Internet Engineering Task Force
Hell it must have been a great place to be in the good old days. In fact it still is exciting to meet so many very very bright minds all in one place. But most of them would agree that IETF has become a very political place, where politics often weigh heavier than the actual technological issues.
I wouldn't go as far as saying that money can buy you an RFC, but you could quite easily spot RFCs in the long list that never deserved to be published.
Running a standards institution must be a horrible job no matter how. And then you have to look at the results. The big innovations on the Internet almost always circumvent the IETF. HTTP didn't even ask IANA for a port number. Tim just started using 80, which was in fact assigned to something else.
Help me come up with big achievements of the IETF.
- The MIME extension to SMTP has become more of a platform for SPAM than actually being useful at file transfer (any messenger tool is a better idea, or FTP or HTTP or even IRC's DCC. base64-encoded file transfer consumes more bandwidth than any of those).
- IP Multicast is an impressive work of art, but in the end it didn't solve the scalability issue.
- SIP was just a minor item of the IP Multicast protocol suite, until a telecom person raised his hand in a SIP working group meeting and asked if SIP could be applied to telephony. He could have tried a proprietary solution instead, but thought going through IETF would be more strategic. Skype demonstrates that it's never too late for a proprietary solution, and IAX shows how an open source project can successfully establish an alternative to SIP on the fly.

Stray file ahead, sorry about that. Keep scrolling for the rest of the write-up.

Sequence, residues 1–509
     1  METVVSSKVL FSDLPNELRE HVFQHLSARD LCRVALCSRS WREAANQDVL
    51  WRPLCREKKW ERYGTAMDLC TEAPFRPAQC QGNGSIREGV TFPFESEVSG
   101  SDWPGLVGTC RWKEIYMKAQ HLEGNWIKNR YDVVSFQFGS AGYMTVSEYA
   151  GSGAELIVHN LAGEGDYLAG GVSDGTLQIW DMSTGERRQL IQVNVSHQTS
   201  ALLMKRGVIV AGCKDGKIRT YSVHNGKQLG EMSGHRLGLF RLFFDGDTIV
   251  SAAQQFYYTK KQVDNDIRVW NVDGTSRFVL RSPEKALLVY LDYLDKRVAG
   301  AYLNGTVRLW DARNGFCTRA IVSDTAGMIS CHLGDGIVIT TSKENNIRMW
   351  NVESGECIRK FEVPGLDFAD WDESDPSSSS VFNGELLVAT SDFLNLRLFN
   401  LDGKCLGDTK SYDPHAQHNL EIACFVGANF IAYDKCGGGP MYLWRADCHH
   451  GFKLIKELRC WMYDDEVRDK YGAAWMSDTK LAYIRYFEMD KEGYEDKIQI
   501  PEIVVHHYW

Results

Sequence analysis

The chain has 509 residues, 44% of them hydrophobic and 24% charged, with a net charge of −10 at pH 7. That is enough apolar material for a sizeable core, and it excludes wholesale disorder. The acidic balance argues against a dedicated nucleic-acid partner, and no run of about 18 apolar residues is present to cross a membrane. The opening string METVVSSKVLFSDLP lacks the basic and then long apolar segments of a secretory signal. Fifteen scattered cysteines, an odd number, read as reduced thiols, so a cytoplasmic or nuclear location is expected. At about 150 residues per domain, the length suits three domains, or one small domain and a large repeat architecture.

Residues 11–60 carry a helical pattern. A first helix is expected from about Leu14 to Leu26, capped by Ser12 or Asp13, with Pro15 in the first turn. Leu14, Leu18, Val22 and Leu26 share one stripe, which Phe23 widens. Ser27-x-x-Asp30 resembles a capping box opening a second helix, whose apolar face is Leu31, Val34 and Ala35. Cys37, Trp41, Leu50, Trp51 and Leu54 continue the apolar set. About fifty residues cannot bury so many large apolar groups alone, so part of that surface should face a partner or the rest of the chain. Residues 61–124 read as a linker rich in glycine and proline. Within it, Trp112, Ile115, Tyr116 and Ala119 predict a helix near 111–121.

- Was it really a good idea to grant RFCs to XMPP with all the bugs in it? See Jabber if you can take the details. Why did IRC only get to publish informational RFCs instead of sitting down to fix the protocol? After all it was the only applicative realtime multicast protocol at the time.
It was a wrong decision of the IESGs of all times to think the Internet does not need a universal messaging protocol beyond UDP and TCP. I don't mean chat. I mean the mess that we have today of messaging and RPC being done on top of HTTP, like OpenID, OAuth, RSS, SOAP, XML-RPC. HTTP is so very much not designed to be the functionality superhighway, yet it is the inefficient industry standard it is today. IESG always said every little application should have its own protocol, thus people turned to practical dirty hacks: Putting stuff on top of a protocol which does something vaguely similar, gets through firewalls, never mind the overheads.
Still, being at an IETF Meeting is a great experience. Absolutely try it out.
For more on the IETF, look out for Standards.